Mixed media: film reviews
Directed and co-written by Park Chan-wook. 145 minutes
Japanese soldiers march past a group of women and howling babies on a street corner. A young woman hands over a baby, and another – her sister? – cries that it should be her leaving. Where? To become a maid in a distant country house. Is the sister selfless and anxious, or angry and jealous? This, though, is a film where little is what it seems to be.
The maid is in fact a fingersmith, or pickpocket, brought up by a baby-farmer and in league with a counterfeiter and fake aristocrat. He, she believes, plans to seduce the lady of the house for her inheritance, from under the nose of her wicked uncle, who himself plans to marry his niece for her money.
You may recognize the corny plot – from Fingersmith, Welsh novelist Sarah Waters’ clever, twisting, gripping, Victorian-era tale of patriarchy and liberation. Director Park is best known for Oldboy, a cult-classic South Korean horror that has an octopus eaten alive, yet with a serious point to make about self-discovery and liberation. The Handmaiden is restrained, though with macabre moments, including a torture scene with a rather large symbolic octopus. But his and co-writer Jeong Seo-kyeong’s shift to 1930s Japanese-occupied Korea nicely overlays cultural cringe and narrowness, which convincingly grounds the plot twists and deceptions.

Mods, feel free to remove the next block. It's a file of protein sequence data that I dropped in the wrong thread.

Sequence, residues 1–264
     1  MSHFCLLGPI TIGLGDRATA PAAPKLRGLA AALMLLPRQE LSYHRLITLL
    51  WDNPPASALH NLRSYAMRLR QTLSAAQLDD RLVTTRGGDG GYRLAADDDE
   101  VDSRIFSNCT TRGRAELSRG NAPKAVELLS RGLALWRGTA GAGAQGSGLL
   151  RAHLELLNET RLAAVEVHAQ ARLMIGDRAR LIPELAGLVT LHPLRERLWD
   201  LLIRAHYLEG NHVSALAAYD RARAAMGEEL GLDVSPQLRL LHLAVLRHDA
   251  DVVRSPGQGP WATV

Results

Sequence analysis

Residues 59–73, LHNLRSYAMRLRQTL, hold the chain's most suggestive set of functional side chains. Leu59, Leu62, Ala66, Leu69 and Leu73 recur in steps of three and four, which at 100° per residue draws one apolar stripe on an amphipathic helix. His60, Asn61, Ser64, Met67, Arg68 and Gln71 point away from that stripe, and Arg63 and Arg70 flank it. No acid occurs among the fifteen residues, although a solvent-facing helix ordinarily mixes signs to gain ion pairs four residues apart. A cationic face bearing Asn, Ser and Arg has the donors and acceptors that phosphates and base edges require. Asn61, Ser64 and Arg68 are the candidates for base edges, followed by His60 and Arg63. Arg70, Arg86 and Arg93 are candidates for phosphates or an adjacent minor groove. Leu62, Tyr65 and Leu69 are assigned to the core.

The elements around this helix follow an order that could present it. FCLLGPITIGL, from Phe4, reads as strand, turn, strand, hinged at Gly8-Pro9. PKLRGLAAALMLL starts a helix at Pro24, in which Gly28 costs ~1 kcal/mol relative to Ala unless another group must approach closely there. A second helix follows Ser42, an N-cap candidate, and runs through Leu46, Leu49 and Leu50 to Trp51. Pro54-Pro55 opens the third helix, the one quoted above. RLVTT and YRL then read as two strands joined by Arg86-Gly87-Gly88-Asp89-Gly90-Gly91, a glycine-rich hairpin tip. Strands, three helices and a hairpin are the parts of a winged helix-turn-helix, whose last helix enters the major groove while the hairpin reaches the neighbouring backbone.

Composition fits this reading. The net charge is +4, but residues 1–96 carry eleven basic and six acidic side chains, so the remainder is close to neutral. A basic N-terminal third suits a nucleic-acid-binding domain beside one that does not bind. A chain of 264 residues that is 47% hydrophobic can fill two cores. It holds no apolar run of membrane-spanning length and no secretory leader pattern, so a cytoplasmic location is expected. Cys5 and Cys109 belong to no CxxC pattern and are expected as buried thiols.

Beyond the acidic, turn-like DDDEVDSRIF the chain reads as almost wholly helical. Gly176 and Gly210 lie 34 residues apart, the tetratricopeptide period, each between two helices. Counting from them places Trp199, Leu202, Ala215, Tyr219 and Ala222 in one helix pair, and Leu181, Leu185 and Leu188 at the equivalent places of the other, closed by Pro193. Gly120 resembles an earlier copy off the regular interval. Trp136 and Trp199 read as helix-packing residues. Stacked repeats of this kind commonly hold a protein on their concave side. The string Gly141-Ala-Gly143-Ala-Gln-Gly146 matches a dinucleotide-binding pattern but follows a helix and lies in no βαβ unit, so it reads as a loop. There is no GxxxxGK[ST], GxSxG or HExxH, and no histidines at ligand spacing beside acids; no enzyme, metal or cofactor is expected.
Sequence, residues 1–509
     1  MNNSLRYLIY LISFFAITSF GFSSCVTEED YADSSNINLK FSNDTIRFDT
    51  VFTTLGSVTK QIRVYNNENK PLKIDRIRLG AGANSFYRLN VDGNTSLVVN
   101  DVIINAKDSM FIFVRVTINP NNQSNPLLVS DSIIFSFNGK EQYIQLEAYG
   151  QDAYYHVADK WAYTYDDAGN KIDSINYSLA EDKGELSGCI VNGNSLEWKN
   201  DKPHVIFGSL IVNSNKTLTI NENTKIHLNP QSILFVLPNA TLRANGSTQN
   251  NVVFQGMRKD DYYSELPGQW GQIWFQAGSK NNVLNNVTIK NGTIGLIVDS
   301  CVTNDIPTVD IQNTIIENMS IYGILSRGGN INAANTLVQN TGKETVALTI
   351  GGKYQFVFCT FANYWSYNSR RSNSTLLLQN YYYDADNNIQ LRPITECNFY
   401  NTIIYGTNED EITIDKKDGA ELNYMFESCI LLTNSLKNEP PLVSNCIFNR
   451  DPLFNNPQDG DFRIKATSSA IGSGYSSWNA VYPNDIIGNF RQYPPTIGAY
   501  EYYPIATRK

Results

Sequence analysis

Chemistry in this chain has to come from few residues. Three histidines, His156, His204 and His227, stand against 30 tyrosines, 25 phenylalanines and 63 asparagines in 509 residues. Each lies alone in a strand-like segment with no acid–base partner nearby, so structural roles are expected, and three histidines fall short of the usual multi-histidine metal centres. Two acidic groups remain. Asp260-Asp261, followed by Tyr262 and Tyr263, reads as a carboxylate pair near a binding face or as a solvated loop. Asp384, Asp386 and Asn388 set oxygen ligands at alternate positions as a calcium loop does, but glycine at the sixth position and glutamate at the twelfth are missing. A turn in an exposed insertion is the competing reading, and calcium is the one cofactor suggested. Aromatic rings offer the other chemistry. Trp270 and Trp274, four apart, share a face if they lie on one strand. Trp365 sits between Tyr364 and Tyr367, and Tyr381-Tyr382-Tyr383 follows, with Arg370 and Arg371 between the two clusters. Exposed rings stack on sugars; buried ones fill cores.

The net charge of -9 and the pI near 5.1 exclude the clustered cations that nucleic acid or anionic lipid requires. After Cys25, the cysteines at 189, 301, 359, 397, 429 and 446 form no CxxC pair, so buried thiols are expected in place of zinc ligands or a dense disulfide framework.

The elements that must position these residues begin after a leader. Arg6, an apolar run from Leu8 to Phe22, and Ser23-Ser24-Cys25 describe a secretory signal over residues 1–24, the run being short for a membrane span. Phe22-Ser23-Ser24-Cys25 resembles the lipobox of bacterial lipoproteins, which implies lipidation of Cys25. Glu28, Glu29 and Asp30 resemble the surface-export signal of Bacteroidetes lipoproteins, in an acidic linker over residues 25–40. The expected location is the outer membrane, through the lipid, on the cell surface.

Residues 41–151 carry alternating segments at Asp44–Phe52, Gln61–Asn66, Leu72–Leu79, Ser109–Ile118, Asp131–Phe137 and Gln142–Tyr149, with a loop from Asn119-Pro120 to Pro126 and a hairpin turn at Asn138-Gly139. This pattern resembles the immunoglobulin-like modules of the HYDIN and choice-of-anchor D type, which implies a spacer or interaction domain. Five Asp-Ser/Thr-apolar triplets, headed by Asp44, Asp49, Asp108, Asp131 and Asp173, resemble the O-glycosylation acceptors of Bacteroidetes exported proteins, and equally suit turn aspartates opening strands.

The result is smart, sumptuous and stirring, and as sexy and serious as Waters’ novel.
Directed and co-written by François Ozon. 113 minutes
Two women tend a grave. Its occupant is Frantz, a German soldier killed in the trenches in World War One, now ended. The women are Magda, his mother, and Anna, his fiancée. Anna is shocked when a young man appears, visits the grave, leaves flowers. He’s Adrien, a pensive Frenchman and former soldier. He’s staying at a local inn and tells Anna that he and Frantz had become close friends when, before the war, Frantz had studied music in Paris. Frantz’s father is hostile – ‘Every Frenchman is my son’s murderer’. The crowd at the inn are as bitter. Someone sends Adrien a model coffin and he’s attacked in the street.
Ozon makes a lot of films and his outstanding theme is a young woman’s self-discovery and emergence. Here he has adapted Ernst Lubitsch’s 1932 melodrama Broken Lullaby but shifts the focus from the Frenchman to Anna who, inevitably, falls for her former lover’s friend. As do Magda and Herr Doktor. Then Adrien makes a confession to Anna which changes everything, and he leaves. When, for many months, she hears nothing from him, she too heads to France.
Mostly in black and white, occasional scenes in colour jolt us from a broken world to the real, rounder, variegated world, tantalizingly offering possibilities. Eloquent, benevolent and beautiful; anti-nationalist, anti-isolationist, anti-war, this is a film for our time. And the final scene, in colour, is really marvellous.
This article is from
the May 2017 issue
of New Internationalist.
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